Windbreak efficiency also is affected by the type of trees and shrubs planted. Species that can survive and grow in difficult and diverse conditions, while providing needed structure and protection are preferred. Dense crowns, stout boles, retention of lower limbs, and uniform rates of growth are all characteristics conducive to creating effective windbreaks (Byington, 1990). Fast-growing species are desirable for quick establishment and height increment. While some broadleaved species grow faster than conifers, they are usually deciduous; in contrast, conifers are long-lived and, since they retain their foliage, maintain the same density year round. Often, for best results, both conifers and broad-leaf species are grown together in windbreaks. The most commonly used windbreak species in North America include silver maple (Acer saccharinum), saltbush (Atriplex canescens), hackberries (Celtis spp.), Russian olives (Elaeagnus spp.), ash (Fraxinus spp.), honey locust, black walnut, juniper (Juniperus spp.), spruce (Picea spp.), pines, sycamore (Platanus occidentalis), poplar, Douglas-fir, and bur oak (Quercus macrocarpa) (Byington, 1990).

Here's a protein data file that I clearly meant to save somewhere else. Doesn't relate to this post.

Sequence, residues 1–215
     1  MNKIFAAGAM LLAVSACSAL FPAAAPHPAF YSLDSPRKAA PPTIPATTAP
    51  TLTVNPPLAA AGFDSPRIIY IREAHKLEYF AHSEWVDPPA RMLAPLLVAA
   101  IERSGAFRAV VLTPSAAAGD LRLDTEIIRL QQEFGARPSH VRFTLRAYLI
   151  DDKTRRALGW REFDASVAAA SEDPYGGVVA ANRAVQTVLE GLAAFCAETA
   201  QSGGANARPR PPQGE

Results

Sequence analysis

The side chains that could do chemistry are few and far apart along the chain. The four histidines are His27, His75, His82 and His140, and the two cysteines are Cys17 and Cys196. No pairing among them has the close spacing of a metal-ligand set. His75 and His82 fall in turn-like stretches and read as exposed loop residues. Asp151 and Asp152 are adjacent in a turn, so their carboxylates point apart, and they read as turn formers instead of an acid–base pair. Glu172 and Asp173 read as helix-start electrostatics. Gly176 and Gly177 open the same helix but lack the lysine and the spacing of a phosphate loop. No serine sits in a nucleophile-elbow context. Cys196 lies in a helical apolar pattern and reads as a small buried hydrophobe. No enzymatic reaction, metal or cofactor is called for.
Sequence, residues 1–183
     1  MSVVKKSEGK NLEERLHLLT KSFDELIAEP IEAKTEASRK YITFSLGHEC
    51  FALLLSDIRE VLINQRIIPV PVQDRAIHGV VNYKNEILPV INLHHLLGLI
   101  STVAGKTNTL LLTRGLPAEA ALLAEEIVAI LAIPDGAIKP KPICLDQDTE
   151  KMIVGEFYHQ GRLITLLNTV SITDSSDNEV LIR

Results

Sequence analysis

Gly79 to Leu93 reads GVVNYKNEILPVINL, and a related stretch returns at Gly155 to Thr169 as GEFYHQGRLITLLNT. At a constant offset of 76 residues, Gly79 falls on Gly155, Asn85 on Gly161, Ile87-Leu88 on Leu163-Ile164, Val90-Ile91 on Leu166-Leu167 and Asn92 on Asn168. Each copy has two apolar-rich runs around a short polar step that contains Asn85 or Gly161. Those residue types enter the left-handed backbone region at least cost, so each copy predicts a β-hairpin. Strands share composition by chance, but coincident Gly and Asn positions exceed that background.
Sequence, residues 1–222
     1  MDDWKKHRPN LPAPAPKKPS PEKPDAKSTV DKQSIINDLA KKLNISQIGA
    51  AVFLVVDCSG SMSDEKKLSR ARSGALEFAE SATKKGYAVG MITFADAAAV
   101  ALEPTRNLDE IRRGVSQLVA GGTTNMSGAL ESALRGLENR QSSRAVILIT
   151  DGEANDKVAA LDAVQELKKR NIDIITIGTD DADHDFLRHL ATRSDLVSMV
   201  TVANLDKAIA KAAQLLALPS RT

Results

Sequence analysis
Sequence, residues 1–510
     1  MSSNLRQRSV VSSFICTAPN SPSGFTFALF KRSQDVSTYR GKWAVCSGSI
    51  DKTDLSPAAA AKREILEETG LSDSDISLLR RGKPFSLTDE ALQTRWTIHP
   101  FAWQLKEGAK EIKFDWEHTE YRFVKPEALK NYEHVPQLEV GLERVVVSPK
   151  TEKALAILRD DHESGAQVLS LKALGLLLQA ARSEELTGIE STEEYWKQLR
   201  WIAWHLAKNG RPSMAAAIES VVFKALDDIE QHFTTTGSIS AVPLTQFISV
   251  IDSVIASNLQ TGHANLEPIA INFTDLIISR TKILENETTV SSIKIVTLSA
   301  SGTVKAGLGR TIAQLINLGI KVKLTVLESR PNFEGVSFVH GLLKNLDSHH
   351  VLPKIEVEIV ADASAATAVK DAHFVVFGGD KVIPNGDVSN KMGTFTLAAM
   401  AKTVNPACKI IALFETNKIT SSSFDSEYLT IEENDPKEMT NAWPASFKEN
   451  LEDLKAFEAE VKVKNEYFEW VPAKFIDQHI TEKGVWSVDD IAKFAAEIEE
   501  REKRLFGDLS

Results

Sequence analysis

The benefits of windbreaks for agriculture in the temperate zone have long been recognized; consequently, institutions in the U.S., Canada, Europe, Australia, New Zealand, and China are currently involved in windbreak research. Tree improvement and pest management of windbreaks have perhaps received the most research attention. Other research priorities in the past included windbreak establishment and management, analysis of benefits and costs, and quantification of biophysical windbreak effects (Brandle et al., 1988; Hintz and Brandle, 1986). Despite these efforts, significant problems remain: windbreak establishment continues to be difficult; there is a very limited choice of medium-to-tall species that are well adapted and long-lived; better methods are needed for weed control, pest management, and silviculture of the windbreaks; improved understanding of the effects of windbreaks on agricultural crops, especially the benefits and costs of the practice, is necessary; and windbreak design for hilly country is currently inadequate. Despite a long history of windbreaks in land-use systems, major research opportunities remain for this important agroforestry practice.